“We had lots of time to engage with 6 to 8 people. People at my table are very eager to see a more inclusive church, whatever that looks like. We can’t stay or abide in the church with the Traditional Plan. We were clearly agreed on that.
“[UMC Next’s ‘Four Principles’] are strong statements. I wish we could have ended with a clarity of direction. They’re aspirations in terms of talking about what we long for.
“In the end, we came up with two options – work toward amicable separation and new expressions such, or stay and reform. ‘Amicable’ and ‘stay-reform’ were dead even.
“There were a good number of folks who had never been involved in denomination-wide even, so they weren’t familiar with the implications that starting new would have on these areas of the church.” It was hard to make an informed decision; it would have taken more time.
“Now our Indiana team will work to share UMC Next with our conference and think about General Conference 2020.”
The Rev. Lisa Schubert Nowling serves as pastor of College Avenue United Methodist Church in Muncie, Ind. She attended UMC Next.
“I felt it was hopeful and eye-opening to the challenges before us as centrists and progressives. It was beautiful to be in a diverse gathering, [with a] broad view of perspectives, pointing to the sins of our past and present around all the different ’isms.’ We were intentional about being inclusive, trying to really hear voices, using pronouns.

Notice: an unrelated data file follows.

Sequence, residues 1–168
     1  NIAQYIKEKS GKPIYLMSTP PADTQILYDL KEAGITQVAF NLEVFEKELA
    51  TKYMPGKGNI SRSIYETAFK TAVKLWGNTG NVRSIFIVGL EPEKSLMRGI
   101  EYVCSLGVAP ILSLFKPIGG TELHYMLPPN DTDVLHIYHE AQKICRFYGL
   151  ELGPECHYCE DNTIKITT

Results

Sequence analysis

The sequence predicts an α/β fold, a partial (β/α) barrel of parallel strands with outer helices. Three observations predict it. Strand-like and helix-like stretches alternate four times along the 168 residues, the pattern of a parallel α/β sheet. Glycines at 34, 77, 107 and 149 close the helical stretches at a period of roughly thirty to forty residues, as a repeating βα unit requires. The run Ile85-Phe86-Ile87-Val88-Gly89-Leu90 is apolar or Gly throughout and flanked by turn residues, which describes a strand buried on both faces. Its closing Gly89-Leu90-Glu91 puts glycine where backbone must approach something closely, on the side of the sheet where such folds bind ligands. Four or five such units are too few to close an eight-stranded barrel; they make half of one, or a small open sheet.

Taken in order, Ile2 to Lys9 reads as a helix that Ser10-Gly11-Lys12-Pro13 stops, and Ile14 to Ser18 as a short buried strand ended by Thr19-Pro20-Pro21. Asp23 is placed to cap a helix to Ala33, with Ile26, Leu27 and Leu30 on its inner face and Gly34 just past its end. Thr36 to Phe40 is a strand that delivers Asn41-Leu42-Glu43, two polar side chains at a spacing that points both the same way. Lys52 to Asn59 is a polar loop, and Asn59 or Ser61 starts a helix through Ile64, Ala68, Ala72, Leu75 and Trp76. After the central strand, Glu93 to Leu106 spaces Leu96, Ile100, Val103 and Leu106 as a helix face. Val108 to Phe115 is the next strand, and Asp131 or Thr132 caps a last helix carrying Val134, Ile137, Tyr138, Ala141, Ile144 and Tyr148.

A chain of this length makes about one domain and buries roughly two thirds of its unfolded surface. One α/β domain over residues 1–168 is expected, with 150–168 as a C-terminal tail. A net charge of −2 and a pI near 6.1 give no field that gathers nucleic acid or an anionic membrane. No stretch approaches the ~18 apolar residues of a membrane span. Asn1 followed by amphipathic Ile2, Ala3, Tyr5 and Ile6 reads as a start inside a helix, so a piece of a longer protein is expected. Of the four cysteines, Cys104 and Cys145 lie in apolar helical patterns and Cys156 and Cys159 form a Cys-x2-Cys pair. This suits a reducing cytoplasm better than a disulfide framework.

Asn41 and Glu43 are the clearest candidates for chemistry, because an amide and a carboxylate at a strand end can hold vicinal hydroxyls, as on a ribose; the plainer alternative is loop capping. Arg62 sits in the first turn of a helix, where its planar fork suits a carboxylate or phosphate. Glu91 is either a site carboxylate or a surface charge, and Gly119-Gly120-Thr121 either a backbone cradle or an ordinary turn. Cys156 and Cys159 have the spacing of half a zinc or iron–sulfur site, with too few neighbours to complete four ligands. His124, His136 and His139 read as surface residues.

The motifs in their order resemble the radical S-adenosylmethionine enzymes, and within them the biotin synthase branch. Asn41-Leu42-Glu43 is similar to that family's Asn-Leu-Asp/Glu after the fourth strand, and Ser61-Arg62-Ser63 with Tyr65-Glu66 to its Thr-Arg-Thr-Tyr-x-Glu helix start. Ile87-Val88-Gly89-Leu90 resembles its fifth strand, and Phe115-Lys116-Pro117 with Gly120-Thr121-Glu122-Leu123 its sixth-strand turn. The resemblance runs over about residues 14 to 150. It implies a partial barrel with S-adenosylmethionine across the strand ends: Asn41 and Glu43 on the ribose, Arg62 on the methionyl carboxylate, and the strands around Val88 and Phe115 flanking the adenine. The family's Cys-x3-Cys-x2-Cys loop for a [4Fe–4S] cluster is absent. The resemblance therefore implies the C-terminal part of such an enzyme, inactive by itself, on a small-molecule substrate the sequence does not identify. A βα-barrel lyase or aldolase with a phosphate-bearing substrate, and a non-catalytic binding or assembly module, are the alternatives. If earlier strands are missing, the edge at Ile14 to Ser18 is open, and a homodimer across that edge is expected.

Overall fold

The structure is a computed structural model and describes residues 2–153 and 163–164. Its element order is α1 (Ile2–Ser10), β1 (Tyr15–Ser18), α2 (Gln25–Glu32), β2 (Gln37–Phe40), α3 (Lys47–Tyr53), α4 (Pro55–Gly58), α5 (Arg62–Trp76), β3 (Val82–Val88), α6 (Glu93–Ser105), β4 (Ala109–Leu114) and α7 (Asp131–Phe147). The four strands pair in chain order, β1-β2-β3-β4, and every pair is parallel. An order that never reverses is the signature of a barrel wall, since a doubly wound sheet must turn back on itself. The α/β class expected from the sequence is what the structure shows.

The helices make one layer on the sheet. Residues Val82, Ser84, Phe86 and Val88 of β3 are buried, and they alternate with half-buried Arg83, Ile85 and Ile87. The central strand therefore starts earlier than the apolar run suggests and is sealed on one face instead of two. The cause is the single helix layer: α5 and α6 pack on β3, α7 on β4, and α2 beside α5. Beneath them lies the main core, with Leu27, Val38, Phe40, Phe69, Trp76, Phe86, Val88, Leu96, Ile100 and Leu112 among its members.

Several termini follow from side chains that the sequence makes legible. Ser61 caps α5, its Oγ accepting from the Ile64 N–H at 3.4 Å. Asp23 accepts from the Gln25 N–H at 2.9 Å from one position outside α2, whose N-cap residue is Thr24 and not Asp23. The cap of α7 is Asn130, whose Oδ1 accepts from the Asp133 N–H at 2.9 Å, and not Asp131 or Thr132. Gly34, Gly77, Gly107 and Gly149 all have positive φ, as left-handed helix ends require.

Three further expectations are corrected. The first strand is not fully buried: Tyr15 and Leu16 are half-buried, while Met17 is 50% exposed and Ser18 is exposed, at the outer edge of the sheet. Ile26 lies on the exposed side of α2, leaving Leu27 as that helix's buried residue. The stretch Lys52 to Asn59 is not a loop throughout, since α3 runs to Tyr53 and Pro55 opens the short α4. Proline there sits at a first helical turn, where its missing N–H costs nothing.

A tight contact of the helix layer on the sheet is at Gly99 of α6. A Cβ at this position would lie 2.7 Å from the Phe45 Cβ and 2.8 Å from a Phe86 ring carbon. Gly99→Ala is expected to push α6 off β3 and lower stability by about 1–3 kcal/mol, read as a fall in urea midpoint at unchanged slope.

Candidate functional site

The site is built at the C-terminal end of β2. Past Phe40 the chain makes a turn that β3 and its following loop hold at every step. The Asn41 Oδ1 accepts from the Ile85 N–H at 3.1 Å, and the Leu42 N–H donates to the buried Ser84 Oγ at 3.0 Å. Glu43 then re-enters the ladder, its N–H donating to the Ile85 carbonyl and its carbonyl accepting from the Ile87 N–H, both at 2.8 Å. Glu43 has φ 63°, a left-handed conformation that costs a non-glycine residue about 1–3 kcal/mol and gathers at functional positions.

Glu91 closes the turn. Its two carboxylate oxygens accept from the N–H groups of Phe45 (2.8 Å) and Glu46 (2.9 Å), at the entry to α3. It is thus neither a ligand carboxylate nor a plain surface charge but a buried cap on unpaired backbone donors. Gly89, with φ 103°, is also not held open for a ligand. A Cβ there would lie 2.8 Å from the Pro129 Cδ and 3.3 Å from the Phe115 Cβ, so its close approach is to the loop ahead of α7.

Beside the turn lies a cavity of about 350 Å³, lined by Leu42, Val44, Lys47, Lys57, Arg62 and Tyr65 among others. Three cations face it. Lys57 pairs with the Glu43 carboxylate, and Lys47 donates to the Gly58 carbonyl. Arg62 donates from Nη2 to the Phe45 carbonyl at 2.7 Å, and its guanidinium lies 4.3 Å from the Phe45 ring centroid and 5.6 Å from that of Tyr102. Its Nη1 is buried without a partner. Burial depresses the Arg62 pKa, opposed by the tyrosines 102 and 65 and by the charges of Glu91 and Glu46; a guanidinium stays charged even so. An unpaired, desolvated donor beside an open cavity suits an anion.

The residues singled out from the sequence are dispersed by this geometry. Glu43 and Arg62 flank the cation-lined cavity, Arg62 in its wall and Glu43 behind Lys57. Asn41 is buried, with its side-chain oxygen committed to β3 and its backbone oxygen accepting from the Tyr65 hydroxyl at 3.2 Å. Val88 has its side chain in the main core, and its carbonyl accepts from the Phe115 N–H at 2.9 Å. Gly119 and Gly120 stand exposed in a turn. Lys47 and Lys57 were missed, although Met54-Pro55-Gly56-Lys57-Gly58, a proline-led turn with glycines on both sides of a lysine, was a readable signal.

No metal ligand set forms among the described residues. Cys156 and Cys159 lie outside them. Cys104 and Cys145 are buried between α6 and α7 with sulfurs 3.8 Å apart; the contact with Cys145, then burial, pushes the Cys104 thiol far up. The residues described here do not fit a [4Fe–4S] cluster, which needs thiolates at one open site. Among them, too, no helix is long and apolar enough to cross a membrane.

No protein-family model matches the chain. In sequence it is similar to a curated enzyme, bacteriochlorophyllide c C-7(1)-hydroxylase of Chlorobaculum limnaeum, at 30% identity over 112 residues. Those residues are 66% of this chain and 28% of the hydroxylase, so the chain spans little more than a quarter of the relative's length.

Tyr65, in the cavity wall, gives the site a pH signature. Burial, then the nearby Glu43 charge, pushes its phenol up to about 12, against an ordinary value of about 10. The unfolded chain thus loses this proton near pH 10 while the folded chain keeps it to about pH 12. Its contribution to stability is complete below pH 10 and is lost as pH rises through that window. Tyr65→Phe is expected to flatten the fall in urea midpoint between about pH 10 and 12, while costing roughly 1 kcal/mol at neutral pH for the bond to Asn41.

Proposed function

“The Spirit’s moving in different ways in different places, some are contextual or generational, some have more investment in the institution. Some say the institution can’t be reformed.
“We talked about forms of resistance on Jan. 2; that’s going to be different in each geographical area, but we have violations of the Discipline happening now – rebaptisms, not holding the required six special offerings – and we overlook them. Whether people conduct same-sex marriage, whether conferences ordain LGBTQ persons, that’s going to depend on regional differences.
“Finally, when I’m talking about resistance, I want to be clear that while some centrists and progressives will be resisting, some also will be working on dissolution and disaffiliation. The dissolution route will require us to work side-by-side with our more conservative colleagues to form new branches of Methodism that allow us to flourish amid our differences.”
Cynthia B. Astle serves as Editor of United Methodist Insight, which she founded in 2011.